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Rocks and Minerals: A Guide to Familiar…

Rocks and Minerals: A Guide to Familiar Minerals, Gems, Ores and Rocks (1957)

by Herbert S. Zim, Paul R. Shaffer

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Like other reviewers, this was one of my first rock and mineral books when I was quite young, and it holds a fondly-lit place in my memory for that reason, certainly. Nostalgia is a powerful trap, and one of which all readers should be wary. However, in the case of these little guides, the clarity and intelligence of the presentation is as useful now as it was sixty years ago.

What is additionally pleasing to me is that, each time I now open the book, with thirty years more experience and education behind me (although I don't claim any greater wisdom, having learned the hard way that it's best not to claim to be "wise" under any circumstances), I still find Zim and Shaffer's effort to be essentially sound. Zim didn't pull any punches with these books: in this book on mineralogy for younger readers, you are expected to bring your curiosity, and a dictionary if you don't understand the terms used. A good basic book on chemistry might also be helpful. I find that refreshing, particularly having seen some of the positively idiotic efforts to bring science education to kids in the past twenty years and despaired. That is why, when I worked for a specialist hobby shop dealing with all things scientific (a shop now sadly in the throes of its demise, though it was never particularly well-run), when a parent would ask for a book about rocks and minerals for kids, I would always show them this one first. I've given away several copies of it out of my own pocket when I encountered young people who might happen to appreciate it, in various workshops that I've taught on minerals and rock tumbling, and I still keep an extra copy or two, just in case.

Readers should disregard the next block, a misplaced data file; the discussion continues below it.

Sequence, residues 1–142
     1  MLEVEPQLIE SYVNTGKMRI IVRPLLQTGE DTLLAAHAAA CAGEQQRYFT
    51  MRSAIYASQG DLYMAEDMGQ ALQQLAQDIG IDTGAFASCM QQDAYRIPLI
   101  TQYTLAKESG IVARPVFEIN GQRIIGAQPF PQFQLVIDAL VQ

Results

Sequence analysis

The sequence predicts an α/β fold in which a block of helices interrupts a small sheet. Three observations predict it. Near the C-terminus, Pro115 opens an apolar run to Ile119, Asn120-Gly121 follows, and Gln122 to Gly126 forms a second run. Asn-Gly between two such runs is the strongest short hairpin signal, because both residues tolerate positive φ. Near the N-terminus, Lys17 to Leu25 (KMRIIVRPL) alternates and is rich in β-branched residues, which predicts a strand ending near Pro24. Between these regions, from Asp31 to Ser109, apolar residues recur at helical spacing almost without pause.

Zim's book is thorough, without being burdensome, and it gives a lot of simple and useful information on mineral testing for identification purposes, which due to fear of litigation, one assumes, is missing from nearly all new "field guides". As I have complained elsewhere, none of these books is really useful "in the field" as it were, but for working on minerals at home, they can be most helpful. Interestingly, the pages on blowpipe, bead, and flame tests have been retained in the newer edition published in 2001, although such tests require some use of acids (and here I would urge anyone considering such tests to seek the advice and assistant of a qualified chemist or mineralogist, and to ensure that adequate and reasonable safety precautions are undertaken when handling corrosive materials), as are the pages on identifying and storing radioactive minerals (again, not something I oppose at all, provided one takes appropriate steps to ensure proper containment, most small radioactive samples can be collected without incident or concern). As most collectors now tend to do their rockhounding at their local annual gem and mineral show, identification is not perhaps as important as it was, but it is still a fascinating undertaking for the older student or mineralogy undergraduate.

Certain references have been updated across editions, but on the whole, this book is still a sound and delightful presentation, knowledgable without being preachy (something which I wish I could master), and full of interesting facts. Some might consider the illustrations a drawback - the book is thoroughly illustrated in color with beautiful renderings of mineral specimens, as well as some slightly dated depictions of rock hunting "in the field", but I find that the watercolored pictures give a more general sense of what a specimen might look like, something which the almost too-harsh precision of modern mineral photography sometimes fails to achieve.

On the whole, if you're interested in this area, don't gloss over this book. If you know mineralogy well, it will be an enjoyable bit of light reading. If you're a newcomer, or a keen amateur, you're pretty certain to find something to interest you, which in turn will encourage you to read further. Either way, good hunting! ( )